N.N., a lonely bachelor in his forties, tells the story of the lost love of his youth, twenty years ago. This is his story. A Russian gentleman in his twenties with ample private means, he has been vacationing in a picturesque small town on the Rhine, where he meets by chance two fellow Russians, a young artist named Gagin and a girl of seventeen called Asya (a diminutive of Anna), whom Gagin introduces as his sister. N.N., recovering from an unsuccessful flirtation with a young widow, feels ready for a new relationship. Apparently the only Russians in town, the three soon become close friends.
N.N.’s curiosity is aroused by Asya. She has a mysterious, untamed, elfin quality, now skittish and shy, now embarrassingly forward. Her manners and class markings seem quite different from Gagin’s. The narrator imagines himself to be falling in love with her, but at the same time he is frequently irritated by her unconventional behavior. He suspects that she is not really Gagin’s sister at all, and the belief that he is being deceived irritates him all the more.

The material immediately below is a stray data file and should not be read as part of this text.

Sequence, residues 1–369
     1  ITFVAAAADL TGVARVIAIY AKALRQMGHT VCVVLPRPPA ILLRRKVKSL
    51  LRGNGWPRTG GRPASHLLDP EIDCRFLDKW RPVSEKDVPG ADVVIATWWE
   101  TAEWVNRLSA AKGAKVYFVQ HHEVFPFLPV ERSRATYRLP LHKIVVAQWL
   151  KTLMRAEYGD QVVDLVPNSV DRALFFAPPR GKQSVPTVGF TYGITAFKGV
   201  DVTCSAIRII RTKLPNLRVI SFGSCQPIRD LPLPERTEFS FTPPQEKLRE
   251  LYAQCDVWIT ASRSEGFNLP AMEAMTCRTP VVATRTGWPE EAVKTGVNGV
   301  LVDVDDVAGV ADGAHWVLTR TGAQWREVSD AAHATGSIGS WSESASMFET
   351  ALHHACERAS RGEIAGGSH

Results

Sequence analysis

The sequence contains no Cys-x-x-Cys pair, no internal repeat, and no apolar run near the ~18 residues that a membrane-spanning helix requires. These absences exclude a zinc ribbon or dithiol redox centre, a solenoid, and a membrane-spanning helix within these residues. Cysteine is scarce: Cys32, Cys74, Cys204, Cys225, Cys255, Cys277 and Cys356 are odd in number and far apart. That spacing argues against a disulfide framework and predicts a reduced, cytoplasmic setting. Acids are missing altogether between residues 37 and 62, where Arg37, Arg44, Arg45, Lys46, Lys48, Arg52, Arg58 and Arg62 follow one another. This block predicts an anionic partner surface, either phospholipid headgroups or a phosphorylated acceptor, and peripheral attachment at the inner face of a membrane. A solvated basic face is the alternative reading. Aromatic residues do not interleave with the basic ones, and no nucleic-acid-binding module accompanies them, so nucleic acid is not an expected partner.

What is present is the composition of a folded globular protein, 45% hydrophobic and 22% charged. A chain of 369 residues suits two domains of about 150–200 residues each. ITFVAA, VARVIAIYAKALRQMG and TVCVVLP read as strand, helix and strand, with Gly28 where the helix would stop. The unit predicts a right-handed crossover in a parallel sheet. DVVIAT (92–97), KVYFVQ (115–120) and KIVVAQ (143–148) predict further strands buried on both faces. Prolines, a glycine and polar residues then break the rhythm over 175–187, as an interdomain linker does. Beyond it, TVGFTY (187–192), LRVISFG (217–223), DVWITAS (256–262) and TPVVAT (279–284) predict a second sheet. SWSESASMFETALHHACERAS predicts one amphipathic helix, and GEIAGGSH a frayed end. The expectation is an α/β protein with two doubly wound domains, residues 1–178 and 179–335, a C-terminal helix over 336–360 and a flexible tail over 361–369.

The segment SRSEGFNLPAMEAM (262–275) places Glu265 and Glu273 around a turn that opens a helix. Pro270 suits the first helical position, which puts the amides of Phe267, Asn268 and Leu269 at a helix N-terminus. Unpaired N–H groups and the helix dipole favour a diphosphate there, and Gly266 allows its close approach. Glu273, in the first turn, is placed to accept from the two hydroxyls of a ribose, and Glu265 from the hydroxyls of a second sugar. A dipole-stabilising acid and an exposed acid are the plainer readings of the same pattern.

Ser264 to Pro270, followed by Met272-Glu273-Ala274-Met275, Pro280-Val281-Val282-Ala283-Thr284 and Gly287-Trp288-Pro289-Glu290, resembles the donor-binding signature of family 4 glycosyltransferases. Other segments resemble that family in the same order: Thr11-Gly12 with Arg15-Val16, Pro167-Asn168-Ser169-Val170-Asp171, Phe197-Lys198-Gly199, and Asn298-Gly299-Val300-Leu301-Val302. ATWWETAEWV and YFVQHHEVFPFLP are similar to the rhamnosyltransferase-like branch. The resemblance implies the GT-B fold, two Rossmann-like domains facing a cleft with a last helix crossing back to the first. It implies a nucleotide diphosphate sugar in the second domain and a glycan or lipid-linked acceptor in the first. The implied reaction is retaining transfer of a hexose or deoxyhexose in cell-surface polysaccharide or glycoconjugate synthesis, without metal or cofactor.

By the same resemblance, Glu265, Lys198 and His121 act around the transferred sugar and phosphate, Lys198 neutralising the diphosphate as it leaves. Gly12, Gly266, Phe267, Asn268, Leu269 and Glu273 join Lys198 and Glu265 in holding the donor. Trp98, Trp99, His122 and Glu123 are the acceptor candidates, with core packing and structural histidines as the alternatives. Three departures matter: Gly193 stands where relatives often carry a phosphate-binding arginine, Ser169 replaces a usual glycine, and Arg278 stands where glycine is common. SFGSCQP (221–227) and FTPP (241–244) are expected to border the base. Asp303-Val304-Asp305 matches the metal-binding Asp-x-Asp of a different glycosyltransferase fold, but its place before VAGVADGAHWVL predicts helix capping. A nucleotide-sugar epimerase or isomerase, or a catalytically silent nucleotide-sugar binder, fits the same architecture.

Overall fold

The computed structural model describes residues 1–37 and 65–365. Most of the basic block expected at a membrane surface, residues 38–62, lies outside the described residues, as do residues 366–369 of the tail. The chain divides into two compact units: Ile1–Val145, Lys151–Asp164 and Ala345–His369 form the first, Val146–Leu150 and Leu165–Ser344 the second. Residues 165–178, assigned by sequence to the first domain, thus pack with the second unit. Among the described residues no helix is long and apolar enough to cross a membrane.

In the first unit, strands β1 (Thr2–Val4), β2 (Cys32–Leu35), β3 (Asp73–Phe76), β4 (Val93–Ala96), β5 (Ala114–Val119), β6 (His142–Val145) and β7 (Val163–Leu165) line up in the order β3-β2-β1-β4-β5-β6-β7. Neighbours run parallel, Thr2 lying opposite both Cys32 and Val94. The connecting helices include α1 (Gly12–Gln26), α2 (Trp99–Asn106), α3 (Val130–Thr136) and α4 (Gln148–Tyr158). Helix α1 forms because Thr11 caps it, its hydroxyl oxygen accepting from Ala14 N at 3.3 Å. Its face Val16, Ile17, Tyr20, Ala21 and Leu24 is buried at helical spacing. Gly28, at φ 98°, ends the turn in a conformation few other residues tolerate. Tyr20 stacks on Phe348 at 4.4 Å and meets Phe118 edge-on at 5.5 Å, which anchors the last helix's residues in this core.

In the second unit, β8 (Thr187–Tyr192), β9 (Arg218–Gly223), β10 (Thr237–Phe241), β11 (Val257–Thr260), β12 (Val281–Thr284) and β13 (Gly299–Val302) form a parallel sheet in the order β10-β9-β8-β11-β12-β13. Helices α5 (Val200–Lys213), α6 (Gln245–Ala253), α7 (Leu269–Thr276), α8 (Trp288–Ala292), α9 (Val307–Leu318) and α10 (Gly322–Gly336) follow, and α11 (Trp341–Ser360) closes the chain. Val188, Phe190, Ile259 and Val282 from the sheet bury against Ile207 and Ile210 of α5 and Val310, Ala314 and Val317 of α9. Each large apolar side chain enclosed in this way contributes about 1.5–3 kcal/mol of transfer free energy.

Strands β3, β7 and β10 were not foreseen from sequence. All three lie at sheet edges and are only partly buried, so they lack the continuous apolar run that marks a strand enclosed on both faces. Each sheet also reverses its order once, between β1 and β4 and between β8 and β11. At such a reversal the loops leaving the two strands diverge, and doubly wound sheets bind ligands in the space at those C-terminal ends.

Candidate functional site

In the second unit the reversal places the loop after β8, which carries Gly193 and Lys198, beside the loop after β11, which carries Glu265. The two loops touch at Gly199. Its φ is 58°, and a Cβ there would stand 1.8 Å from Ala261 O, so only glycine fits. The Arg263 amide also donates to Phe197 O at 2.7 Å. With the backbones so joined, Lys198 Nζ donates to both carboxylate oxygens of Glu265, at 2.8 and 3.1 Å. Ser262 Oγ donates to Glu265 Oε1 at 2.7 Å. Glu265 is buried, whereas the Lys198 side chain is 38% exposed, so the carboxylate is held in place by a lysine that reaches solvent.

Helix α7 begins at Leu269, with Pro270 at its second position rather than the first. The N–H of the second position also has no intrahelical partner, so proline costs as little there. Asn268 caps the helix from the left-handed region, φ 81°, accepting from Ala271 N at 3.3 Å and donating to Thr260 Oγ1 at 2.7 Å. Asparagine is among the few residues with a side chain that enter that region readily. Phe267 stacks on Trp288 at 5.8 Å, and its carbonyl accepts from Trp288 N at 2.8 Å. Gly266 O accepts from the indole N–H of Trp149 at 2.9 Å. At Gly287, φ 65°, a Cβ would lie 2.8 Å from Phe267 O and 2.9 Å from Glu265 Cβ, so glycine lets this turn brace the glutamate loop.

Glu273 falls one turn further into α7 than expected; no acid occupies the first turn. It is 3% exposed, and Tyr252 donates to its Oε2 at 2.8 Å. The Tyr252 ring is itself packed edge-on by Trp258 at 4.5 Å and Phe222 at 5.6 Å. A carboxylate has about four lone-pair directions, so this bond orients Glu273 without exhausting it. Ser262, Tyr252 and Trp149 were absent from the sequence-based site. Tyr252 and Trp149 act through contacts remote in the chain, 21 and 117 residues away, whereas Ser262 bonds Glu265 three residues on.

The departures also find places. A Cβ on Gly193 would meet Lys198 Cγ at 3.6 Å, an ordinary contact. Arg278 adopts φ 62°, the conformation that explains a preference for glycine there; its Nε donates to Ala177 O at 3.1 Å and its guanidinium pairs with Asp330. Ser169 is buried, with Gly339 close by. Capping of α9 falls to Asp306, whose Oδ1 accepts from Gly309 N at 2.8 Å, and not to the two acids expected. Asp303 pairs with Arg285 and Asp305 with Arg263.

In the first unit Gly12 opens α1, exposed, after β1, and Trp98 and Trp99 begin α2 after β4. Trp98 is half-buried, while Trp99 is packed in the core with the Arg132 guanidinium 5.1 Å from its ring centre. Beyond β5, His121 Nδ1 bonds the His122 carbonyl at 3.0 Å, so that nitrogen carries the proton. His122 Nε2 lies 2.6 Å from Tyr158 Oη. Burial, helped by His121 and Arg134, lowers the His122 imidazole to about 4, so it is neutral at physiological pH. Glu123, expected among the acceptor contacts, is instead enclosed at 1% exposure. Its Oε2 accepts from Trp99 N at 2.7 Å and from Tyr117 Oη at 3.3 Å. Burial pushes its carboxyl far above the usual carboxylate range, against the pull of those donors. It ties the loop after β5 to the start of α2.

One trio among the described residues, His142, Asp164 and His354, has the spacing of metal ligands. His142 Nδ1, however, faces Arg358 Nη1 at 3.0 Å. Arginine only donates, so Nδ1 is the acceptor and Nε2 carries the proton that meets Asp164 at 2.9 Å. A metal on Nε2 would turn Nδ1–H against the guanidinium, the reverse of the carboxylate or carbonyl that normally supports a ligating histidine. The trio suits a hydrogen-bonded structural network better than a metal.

This early mystery is soon resolved, however, when Gagin, in a reminiscence, tells his and Asya’s story. Asya is his illegitimate half sister, the result of a liaison between his father and a serf woman some years after the early death of Gagin’s mother. When his father died, Gagin, a young man in his twenties, found himself responsible for this wild creature, to whom he was bound both by ties of blood and by the dying words of his father, who had “bequeathed” her to him, revealing her true identity for the first time. She had been brought up entirely in the country, first by her mother as a peasant, and then, after her mother’s...
(The entire section is 702 words.)